Carol was awake. Her eyes were still closed. A moment before she’d been asleep. She’d been dreaming of her cell, where Professor Copeland had kept her locked up for six days. Six days didn’t sound like a long time. But when you weren’t allowed much sleep, when your sense of time disintegrated, when you were threatened with starvation, when your world was defined by iron walls just a few feet apart, well, just saying six days, that didn’t really capture it. Six days could be a long time. A genius psychologist, like Copeland, well someone like that could fit a lot into six days.
Carol didn’t dream of her cell every night. But she was lucky if she went more than three days without it plaguing her sleep. It wasn’t so bad, she told herself. A few months ago, just after she had managed to escape, she dreamt about it every night. The dreams were getting fewer now. She could handle that.
Copeland had been sentenced a month ago. Thirty years. He’d pled guilty to nine counts of kidnapping. He’d only escaped life because he’d co-operated. Carol could remember him, as the judge passed sentence. The arrogance had gone. He was just a shell of the man he’d been. That had helped with the dreams. They’d been getting fewer anyway, but her sleep was much less restless after the sentencing.
It wasn’t the dreams about her cell that worried Carol. They were annoying, and she hated being reminded of how helpless she had been, locked in that cell. But she’d got out, she’d escaped. All on her own, without anyone’s help. She wasn’t in the cell any more. The dreams weren’t the problem. It was the words. The words that Copeland had made her say, over and over. Sometimes for hours at a time. When the light wouldn’t let her sleep. When she was so tired that she was only half aware. Under that light the words had bored into her. Now they wouldn’t let her go. She was out of the cell but the words were still inside of her. Inside her mind. They ran around in her head as she lay in her bed, not quite awake.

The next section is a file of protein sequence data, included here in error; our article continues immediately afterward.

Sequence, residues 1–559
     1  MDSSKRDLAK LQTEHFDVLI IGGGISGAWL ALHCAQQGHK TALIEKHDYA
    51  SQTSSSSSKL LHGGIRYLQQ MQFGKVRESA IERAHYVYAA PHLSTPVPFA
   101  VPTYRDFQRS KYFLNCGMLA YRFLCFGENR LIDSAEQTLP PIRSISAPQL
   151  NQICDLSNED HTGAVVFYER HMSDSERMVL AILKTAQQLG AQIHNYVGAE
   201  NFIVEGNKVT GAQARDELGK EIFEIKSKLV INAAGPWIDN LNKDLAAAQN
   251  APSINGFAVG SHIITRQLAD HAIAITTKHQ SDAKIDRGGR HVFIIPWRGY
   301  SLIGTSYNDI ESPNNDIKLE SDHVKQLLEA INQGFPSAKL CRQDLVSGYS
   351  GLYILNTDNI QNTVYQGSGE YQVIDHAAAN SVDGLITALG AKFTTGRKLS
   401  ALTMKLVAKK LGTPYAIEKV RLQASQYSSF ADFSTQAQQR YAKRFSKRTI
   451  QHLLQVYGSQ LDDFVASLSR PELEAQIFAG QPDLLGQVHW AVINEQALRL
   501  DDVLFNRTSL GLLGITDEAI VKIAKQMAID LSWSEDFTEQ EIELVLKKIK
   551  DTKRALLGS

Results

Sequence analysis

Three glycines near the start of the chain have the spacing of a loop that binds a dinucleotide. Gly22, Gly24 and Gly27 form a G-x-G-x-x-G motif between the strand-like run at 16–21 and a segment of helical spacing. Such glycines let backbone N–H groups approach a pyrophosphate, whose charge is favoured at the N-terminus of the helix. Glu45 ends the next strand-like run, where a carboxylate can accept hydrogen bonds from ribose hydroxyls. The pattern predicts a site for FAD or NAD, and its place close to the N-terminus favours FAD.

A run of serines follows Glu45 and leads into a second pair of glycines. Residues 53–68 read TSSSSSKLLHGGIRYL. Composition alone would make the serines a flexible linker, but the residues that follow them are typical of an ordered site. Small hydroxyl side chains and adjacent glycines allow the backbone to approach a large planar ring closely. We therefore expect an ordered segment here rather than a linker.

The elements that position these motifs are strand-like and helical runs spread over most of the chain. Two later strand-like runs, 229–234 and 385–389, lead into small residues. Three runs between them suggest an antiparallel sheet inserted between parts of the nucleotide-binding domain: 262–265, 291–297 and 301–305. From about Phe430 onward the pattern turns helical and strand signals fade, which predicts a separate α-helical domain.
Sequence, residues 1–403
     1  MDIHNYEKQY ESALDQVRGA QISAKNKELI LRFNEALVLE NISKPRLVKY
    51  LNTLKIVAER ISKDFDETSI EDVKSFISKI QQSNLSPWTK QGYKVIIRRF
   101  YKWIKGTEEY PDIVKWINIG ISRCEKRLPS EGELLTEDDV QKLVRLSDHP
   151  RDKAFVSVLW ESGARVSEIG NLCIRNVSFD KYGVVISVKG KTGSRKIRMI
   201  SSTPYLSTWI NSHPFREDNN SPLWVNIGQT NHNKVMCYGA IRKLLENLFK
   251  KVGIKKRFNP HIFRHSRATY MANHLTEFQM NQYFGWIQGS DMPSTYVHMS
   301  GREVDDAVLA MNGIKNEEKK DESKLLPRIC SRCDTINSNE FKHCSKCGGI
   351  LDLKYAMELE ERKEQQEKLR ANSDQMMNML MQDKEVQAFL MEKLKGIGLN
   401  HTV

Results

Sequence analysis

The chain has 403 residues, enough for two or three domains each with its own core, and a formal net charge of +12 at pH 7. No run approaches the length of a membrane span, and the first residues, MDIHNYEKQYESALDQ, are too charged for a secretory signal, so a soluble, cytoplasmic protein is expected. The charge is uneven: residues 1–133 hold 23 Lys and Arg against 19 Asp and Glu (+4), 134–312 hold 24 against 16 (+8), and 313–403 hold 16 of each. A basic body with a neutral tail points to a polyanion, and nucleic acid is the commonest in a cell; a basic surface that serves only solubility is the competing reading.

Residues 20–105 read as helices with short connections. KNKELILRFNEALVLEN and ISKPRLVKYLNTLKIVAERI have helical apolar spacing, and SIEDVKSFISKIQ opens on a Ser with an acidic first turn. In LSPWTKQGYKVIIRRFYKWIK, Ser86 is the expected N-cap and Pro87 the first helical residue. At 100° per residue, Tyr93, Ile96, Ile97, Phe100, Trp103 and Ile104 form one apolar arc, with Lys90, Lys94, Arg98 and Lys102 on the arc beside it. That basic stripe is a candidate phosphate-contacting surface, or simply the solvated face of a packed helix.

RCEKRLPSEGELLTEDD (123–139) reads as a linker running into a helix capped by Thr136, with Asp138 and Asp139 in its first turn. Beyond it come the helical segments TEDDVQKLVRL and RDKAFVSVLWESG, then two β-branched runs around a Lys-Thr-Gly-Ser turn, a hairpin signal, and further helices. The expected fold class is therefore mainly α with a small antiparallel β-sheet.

“I want to be a prostitute.”
“I’m happy to be a prostitute.”
“I want to be used, sexually.”
They were almost funny, in a way. Almost polite, banal. “Yes I’d like a coffee, please, one sugar, no milk. Can I have a paper as well? Oh, and I’d like to be a prostitute.” The words were so plain, so stereotyped, so juvenile, that they should have been a joke. But Carol wasn’t laughing.